Do not delude yourself that if and when you get the rating that you can successfully fly on instruments. Many experienced IFR pilots have come to grief after encountering inadvertant IFR. On the other hand, you must do everything you can to convince yourself that you can at least keep the thing upright and going in one direction at one altitude if you have to. You must have at least this much confidence in your abilities.

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I agree with donnybrook. Do as much of your IFR training in a small fixed-wing as you can because IFR is IFR - the platform isn't that important in the early stages. A fixed-wing is cheaper and more stable and will make grasping the basics so much easier and a whole lot cheaper (just don't tell your friends you flew a fixed-wing). Self-study is a good way to cut costs but there are strengths in studying in a structured group environment. You will have lots of questions in the beginning and its nice to hear other's questions as well...and hearing the correct answers from an experienced instructor.


I used Culhane's when I did my INRAT and, as Phil said, you need a fairly solid background in instrument procedures to use it as sole source guidance...not for an IFR newbie unless you want to use it to crosscheck your knowledge.


Computer-based sims are great for putting theory into practice before you fork over the big bucks to fly them in the actual aircraft but be sure you're doing the procedures correctly before you imprint any bad habits. IFR is largely procedural and bad habits are hard to erase once they've been practiced a lot.


Training for IFR at night is great advice after you've gotten some of the basics under your belt. Reading approach plates by flashlight isn't great when you're starting out. Outside visual cues are usually a bigger distraction than a benefit (they can really contribute to "the leans") so night flight takes away that problem and many times you can even fly without the hood. There may be less traffic at night as well. Also, find a school that is willing to do actual cloud time...its a whole different ballgame than hood time.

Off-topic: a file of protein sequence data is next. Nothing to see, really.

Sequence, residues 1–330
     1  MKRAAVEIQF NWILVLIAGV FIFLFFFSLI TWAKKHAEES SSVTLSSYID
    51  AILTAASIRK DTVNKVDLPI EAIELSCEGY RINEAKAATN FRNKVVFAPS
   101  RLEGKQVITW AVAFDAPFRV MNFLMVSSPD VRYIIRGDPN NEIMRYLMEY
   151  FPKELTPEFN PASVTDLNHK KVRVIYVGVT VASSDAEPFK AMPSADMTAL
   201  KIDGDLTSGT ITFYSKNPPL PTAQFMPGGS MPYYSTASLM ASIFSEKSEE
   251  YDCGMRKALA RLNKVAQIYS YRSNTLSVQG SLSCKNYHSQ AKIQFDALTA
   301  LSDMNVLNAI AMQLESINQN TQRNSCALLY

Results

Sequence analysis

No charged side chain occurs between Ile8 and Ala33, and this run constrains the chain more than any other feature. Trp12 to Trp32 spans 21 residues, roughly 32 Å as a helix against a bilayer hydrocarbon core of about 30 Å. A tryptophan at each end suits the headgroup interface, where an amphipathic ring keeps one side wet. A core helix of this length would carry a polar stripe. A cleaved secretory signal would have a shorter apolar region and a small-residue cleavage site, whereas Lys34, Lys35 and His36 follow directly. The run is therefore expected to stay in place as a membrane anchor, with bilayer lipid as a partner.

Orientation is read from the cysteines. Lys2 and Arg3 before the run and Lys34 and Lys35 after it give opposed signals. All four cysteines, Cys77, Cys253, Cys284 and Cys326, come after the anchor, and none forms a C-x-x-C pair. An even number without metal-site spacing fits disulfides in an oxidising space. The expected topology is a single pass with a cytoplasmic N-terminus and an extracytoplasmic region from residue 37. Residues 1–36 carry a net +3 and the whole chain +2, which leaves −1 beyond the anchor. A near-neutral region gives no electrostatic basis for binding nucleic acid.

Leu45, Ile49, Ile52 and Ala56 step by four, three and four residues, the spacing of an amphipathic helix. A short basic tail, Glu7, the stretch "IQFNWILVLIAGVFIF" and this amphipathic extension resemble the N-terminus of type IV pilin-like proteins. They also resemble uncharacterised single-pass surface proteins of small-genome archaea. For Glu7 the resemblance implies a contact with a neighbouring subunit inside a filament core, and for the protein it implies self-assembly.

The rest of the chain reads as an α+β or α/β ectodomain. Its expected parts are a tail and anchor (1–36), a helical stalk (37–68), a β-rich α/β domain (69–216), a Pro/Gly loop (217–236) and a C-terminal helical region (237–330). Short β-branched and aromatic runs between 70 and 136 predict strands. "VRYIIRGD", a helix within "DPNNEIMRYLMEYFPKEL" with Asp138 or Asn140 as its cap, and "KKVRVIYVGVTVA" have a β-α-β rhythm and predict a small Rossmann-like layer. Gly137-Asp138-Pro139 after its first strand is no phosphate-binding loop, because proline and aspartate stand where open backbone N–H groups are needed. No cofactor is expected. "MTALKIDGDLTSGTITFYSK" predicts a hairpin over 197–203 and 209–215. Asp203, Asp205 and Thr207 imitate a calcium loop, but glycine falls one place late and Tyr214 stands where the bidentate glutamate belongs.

Find a good IFR checklist that includes enroute procedures and use it. Memorize things like the level-off check and pre-descent check so you can be thinking well ahead before level-off or descent. Cockpit management is so important when operating IMC so strict checklist usage is critical to success.


Enjoy. Flying under IFR is challenging and a well executed flight is extremely rewarding. Its money well spent.

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  • 2 months later...

Hey Homer,


Congratulations!! Nice job.


Lots of opportunities to make $35,000 a year at CHL EMS. After about 3 years you might have enough twin time to be qualified for Captain then you'll be up to at least $50,000/year. The door is turning pretty fast so be careful on your way in.


Helijet is probably a better choice as you buil twin hours much quicker and get more actual IFR.


Good luck,